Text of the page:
My 8-Year-Old Decides What She Will Eat—and I Think That’s the Best Way to Go

Being able to choose what she wants to eat allows my 8-year-old to feel empowered about her food choices.
Aliya S. King
Being able to choose what she wants to eat allows my 8-year-old to feel empowered about her food choices.
Aliya S. King

One evening, when I was 7 years old, my mother served peas for dinner. I hated peas with a passion. I ate everything else on my plate and then stared at the peas for a good 20 minutes. My mom made it clear that eating the peas was nonnegotiable.


I slipped a few onto my 2-year-old sister’s plate. But there was still a mound of peas on my own plate. So I did what children have done since the dawn of dinnertime. I dumped the peas into the napkin on my lap, balled up the napkin and then hustled to the kitchen, where I threw it into the trash can.

Of course, I got caught. My mother was incensed that I would throw away perfectly good food simply because I didn’t like it. Food cost money, my mother reminded me. And further, I had been dishonest by throwing it away, an even bigger transgression.

My punishment? My mother took the entire pot of peas off the stove and dumped them onto my plate.

“Eat them all,” she said. “And don’t get up until you’re done.”

I ate all the peas. I’m pretty sure I cried during the last few bites. That was 1980. I haven’t eaten a pea since. Honestly, I’ve had a strained relationship with all green vegetables through adulthood since that experience.

We all have those stories. Because of economic insecurity and a culture of punishment for dishonesty and disrespect, many of us were brought up in eat-it-all-or-else households.

Today, mealtimes are a lot different in my house.

Recently, a friend stopped by during dinnertime and overheard me discussing with my daughter what she would have for dinner.


“How about stir-fried tofu with vegetables?” I asked.

“I don’t really want that tonight,” Emmy said.

“Hmmm. Steamed rice and carrots with tofu?”

“Daddy made that for lunch yesterday.”

“Grilled chicken and string beans?”


I went into the kitchen and began taking out the ingredients while my girlfriend looked at me in horror.


“Aliya,” she said. “You are not a short-order cook. Why isn’t your 8-year-old eating whatever the hell you place in front of her?”

Once again, I found myself defending my parenting style because it didn’t match up with the traditional idea of black parenting. As far as she was concerned, children are expected to eat what, when and how much their parents tell them to eat—no negotiating and no choices.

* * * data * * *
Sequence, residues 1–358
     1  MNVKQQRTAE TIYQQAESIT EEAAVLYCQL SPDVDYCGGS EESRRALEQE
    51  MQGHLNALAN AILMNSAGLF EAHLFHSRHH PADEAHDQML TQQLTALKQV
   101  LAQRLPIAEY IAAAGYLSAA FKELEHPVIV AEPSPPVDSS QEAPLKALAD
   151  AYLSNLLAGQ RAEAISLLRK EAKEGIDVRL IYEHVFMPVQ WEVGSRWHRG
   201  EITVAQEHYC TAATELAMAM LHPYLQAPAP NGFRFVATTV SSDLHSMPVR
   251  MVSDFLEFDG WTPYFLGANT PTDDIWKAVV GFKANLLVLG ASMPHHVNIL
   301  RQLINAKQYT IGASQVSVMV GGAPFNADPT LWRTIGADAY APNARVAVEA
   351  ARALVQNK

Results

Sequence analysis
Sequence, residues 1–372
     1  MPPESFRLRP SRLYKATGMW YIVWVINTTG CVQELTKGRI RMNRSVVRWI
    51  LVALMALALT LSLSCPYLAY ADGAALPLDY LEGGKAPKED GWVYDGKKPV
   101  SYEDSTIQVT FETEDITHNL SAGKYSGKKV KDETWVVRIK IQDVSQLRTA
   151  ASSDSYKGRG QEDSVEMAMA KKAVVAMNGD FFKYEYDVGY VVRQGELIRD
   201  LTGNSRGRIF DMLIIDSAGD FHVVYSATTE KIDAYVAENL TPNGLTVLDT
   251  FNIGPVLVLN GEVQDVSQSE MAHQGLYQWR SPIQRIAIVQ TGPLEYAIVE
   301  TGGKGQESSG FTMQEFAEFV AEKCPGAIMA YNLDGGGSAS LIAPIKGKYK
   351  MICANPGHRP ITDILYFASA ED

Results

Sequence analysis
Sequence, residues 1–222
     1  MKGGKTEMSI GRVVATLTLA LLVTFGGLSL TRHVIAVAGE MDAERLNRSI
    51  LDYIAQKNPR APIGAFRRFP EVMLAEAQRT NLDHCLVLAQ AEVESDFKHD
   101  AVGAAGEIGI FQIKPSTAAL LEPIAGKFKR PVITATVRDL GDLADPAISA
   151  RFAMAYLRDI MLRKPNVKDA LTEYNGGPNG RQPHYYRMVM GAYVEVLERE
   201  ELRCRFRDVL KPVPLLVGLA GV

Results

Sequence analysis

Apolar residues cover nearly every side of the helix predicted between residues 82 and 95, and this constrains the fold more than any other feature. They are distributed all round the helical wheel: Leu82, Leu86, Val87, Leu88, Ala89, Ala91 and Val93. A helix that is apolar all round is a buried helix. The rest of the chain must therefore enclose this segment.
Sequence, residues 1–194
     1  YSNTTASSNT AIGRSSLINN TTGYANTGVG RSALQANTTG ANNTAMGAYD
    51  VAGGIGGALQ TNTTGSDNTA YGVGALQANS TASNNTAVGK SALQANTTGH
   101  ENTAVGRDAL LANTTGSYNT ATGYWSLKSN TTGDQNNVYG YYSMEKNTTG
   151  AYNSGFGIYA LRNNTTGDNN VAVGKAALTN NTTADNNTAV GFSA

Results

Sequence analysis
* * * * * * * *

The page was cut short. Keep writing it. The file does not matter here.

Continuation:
As far as I can tell, that method didn’t turn out so well for my generation. So many of us have issues surrounding food that stem from a childhood of being force-fed and not given ownership and choice when it came to food.

Emmy doesn’t always get to pick what she’s going to make. But if I have the time and energy to give her what she wants, why not give her options? I don’t believe that this automatically makes her spoiled or gives her too much control.


There are times when Emmy doesn’t have options. If I make a casserole or a slow-cooker stew and I have no time or energy to entertain her individual choices and she doesn’t want it, she’s on her own. She can make herself a bowl of cereal or a peanut-butter-and-jelly sandwich or other options she can prepare on her own.

I also allow Emmy to decide if she doesn’t want to eat something new. We have a three-bite rule with new foods. If she doesn’t like it after giving it a chance with three bites, she doesn’t have to finish it. (But we’ll revisit the food later to see if things have changed.)


Since she knows I won’t make her finish a serving of something she doesn’t like, she’ll try just about anything. Whether it’s a spicy chickpea curry, Greek yogurt, baked kale chips, fruit and veggie smoothies, crispy tofu, black bean soup or other things a picky 8-year-old might not be interested in, Emmy will give it a try. (Eventually she came around to liking all of the above.)

With my approach, I see a distinct difference between Emmy’s relationship with food and my own when I was a child. When Emmy chooses her meal, she doesn’t dawdle over it and I don’t have to tell her to clean her plate. Because she can take ownership of her choices, she digs in with no complaints. I could take the same meal and put it in front of her and she might pick at it. Using the Jedi mind trick of allowing her to decide makes her feel empowered.


I don’t mind being a short-order cook if it means that (most of) Emmy’s meals will be filling, nutritious and healthy. Especially when she cleans her plates and asks for seconds—of vegetables. 

Aliya S. King, a native of East Orange, N.J., is the author of two novels and three nonfiction books, including the New York Times best-seller Keep the Faith, written with recording artist Faith Evans. She lives with her husband and two daughters in New Jersey. Find her on Twitter and at